More than 160 members of a task force, representatives from public health and other experts, helped the Rochester School District form its plan for teaching students amid a pandemic.
But there are still a lot of questions.
Under the School District's plan, announced Friday, elementary-age students will be in school two days a week and learn from home the other three. Secondary students will exclusively learn from home.
Superintendent Michael Muñoz said the two-tier model is the best decision for the safety of students and staff at this time. The school year starts Sept. 2. The plan would remain in place through Oct. 30, when district leaders will review the public health situation and determine how to continue.
When the district posted the plan on social media, reaction was mixed.
"I do not think any part was done correctly," said Nicole Hollar, a mother of elementary-age children. "I don't feel distance learning is the option. I feel school should be open for those who feel comfortable going and the ones that don't can stay home and do distance learning."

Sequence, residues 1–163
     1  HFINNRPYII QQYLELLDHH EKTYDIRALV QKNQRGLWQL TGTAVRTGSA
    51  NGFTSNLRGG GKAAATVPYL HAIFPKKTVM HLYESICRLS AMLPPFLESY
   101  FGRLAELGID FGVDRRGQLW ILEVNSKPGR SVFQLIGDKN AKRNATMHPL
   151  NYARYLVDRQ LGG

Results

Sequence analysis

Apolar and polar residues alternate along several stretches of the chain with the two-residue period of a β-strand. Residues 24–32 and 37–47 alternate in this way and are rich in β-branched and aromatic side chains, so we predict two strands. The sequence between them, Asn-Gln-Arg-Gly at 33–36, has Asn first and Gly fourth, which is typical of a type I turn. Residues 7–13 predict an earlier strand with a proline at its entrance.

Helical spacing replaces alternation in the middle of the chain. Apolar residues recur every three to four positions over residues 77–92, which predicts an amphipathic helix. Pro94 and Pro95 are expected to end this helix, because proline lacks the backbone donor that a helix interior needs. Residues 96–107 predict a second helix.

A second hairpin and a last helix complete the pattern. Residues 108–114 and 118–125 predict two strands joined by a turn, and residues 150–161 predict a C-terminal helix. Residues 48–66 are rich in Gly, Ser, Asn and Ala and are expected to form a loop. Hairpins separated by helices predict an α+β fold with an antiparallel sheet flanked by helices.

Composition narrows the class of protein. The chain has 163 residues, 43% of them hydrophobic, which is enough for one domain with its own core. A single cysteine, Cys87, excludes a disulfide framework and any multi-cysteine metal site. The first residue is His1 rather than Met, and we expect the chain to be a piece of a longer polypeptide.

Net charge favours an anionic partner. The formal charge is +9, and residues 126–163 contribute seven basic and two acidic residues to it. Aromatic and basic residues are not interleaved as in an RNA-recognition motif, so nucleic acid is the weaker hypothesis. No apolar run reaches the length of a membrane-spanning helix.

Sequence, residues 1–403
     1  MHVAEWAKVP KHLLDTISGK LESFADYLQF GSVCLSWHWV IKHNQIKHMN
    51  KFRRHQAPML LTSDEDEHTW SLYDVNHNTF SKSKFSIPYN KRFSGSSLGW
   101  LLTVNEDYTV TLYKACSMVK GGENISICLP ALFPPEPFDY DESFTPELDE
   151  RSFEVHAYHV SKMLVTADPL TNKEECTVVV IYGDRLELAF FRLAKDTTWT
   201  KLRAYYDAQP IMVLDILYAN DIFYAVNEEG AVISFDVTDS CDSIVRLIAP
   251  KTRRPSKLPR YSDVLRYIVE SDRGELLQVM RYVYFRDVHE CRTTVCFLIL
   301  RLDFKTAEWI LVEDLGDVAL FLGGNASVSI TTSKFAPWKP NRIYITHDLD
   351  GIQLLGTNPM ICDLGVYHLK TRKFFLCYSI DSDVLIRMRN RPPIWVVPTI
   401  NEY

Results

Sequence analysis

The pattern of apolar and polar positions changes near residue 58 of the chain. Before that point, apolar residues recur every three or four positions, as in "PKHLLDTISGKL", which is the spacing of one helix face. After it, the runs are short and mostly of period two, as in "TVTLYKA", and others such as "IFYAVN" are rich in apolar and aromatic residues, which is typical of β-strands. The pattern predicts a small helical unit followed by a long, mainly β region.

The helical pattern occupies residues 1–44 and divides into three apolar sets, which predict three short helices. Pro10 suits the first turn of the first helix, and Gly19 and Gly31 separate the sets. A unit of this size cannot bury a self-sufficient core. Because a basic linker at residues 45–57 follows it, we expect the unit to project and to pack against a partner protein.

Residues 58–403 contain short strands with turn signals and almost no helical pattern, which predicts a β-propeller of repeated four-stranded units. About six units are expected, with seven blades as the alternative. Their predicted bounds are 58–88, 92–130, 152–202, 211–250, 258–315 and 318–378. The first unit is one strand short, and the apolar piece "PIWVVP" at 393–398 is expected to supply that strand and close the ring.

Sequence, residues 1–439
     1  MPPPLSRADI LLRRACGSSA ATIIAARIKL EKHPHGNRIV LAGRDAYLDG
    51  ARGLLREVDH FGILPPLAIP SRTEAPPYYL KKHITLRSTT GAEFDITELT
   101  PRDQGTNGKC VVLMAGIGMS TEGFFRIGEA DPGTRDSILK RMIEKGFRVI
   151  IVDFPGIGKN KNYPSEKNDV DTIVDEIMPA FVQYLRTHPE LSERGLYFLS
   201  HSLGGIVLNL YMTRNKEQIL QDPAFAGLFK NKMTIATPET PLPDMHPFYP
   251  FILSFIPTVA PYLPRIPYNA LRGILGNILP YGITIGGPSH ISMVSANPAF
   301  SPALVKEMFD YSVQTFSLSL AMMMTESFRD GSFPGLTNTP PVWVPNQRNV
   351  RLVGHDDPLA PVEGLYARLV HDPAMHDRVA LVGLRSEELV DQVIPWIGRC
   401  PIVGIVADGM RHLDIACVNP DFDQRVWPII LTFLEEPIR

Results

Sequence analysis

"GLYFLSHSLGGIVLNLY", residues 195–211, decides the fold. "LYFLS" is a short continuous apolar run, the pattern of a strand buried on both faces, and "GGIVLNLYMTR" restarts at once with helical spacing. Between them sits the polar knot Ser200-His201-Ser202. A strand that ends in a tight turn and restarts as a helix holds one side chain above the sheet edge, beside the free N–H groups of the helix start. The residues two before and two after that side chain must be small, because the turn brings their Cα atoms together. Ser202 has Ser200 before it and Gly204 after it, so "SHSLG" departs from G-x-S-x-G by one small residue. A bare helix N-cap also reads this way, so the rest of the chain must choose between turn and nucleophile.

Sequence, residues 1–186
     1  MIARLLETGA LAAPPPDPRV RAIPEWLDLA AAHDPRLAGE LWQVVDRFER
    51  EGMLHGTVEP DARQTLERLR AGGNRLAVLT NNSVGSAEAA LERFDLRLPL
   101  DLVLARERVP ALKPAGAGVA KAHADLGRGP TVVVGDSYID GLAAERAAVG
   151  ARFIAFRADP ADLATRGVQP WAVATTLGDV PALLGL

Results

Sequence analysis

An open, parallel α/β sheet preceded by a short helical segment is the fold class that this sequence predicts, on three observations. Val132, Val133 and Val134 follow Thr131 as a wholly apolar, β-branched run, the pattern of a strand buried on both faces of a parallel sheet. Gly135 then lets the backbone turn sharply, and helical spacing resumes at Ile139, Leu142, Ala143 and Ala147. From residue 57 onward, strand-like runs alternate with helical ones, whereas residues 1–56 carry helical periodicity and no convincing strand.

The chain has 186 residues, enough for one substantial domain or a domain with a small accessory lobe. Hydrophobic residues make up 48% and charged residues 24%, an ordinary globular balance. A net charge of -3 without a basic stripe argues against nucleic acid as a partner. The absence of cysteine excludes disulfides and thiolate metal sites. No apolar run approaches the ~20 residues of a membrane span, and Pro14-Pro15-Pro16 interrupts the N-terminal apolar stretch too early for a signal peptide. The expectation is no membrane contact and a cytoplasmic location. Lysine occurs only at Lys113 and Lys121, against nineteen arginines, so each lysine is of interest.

In an RPS survey asking parents which option they were most comfortable with, in-person classes received almost twice as much support as the hybrid model.
Students have concerns, too. During a joint virtual forum involving the district's three high schools, students asked about classmates who don't have access to health care. What happens if they get sick? They also asked about distance learning, which was hurriedly implemented last spring.
Muñoz promised a much smoother entrance into distance learning.
"We will do better than we did last spring because we now know better," he said during Friday's announcement.
All told, the district's plan appears well considered. It relies on data from public health and other experts, it will be reassessed on a continuing basis, and it allows parents to opt out of the hybrid option and have their child do distance learning.
How the plan performs in its first test on Oct. 30 will likely prove telling. There is still much to learn.